China's yuan will rise someday. US should push for now.
"The jig is up," says Charles Blum, executive director of the Fair Currency Coalition, a group of 46 American industry associations, unions, and companies striving to get China to boost the value of its currency.
Maybe he's right.
Two days after this writer spoke with Mr. Blum, China's central bank chief, Zhou Xiaochuan, startled the world by saying his nation eventually will move away from its current exchange rate policy.
American officials have been urging China for years to revalue the yuan upward against the dollar, thereby making Chinese imported goods more expensive and US goods more competitive. Last fall when President Obama met with Chinese President Hu Jintao, reportedly half the time was spent on the currency dispute.
So far, though, the Chinese still control the value of their currency at an exchange rate that Blum maintains amounts to a 30 to 40 percent unfair subsidy of China's exports.
This is not a mere technical issue. The undervalued renminbi, or yuan, is undercutting the American economic recovery, argues Blum.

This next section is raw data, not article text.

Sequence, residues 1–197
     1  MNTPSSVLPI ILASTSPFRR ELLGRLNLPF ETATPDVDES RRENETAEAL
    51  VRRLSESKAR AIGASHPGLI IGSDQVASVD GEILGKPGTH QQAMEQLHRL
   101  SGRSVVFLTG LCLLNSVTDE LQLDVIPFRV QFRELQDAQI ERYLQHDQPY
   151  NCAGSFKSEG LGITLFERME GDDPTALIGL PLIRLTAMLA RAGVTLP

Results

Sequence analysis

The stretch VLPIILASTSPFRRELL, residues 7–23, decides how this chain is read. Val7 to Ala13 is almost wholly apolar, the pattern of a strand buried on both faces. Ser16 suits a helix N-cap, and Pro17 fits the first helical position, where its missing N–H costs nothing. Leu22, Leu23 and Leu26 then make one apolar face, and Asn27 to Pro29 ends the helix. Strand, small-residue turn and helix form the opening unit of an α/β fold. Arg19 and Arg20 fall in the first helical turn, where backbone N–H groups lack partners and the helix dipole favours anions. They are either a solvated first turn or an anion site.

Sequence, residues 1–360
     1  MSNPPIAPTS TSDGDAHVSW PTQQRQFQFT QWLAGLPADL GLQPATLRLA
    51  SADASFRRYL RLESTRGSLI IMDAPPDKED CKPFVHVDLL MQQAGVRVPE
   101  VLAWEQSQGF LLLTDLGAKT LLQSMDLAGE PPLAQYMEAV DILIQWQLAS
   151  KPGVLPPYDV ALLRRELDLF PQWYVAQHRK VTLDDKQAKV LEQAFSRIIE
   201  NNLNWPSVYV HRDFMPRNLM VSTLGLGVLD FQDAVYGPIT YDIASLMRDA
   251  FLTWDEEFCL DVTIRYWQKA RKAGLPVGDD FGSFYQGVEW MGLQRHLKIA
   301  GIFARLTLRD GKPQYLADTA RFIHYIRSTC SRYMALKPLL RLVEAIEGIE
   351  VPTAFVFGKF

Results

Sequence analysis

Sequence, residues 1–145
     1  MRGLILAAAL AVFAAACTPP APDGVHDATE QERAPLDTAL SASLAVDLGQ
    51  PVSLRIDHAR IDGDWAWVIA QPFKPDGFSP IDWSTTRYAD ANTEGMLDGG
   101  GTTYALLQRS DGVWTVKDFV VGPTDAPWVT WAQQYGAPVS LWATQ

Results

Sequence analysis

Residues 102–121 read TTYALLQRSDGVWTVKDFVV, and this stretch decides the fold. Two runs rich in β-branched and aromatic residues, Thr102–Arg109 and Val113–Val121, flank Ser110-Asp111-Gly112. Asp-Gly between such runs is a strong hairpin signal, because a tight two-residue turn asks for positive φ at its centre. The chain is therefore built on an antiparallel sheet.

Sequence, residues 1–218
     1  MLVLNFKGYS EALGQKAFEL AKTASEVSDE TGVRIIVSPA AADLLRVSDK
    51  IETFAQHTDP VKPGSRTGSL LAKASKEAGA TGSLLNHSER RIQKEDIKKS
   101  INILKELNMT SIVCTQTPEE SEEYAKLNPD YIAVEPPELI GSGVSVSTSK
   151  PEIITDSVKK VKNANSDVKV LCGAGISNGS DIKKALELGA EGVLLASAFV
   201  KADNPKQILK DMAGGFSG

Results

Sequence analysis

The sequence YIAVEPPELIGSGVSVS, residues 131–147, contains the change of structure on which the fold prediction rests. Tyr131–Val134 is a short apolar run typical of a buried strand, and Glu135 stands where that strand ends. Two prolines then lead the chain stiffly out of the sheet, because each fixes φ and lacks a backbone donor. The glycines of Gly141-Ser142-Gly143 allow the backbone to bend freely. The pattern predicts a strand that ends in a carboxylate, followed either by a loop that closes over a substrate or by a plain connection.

Mr. Zhou cautioned that Beijing may not let the yuan appreciate as fast as many nations desire.
Blum doesn't have much faith that talk will persuade China to act against what it sees as its national interest in providing export-related jobs for tens of millions of peasants moving off farms.
"You can't negotiate [with China] without leverage," he says. "You need to have a tool." His favored tool is legislation now before Congress, the Currency Reform for Fair Trade Act. It would open the door for the United States to impose immediately countervailing duties on various Chinese imports subsidized by currency manipulation. Such duties are sometimes a real threat, more than 20 percent.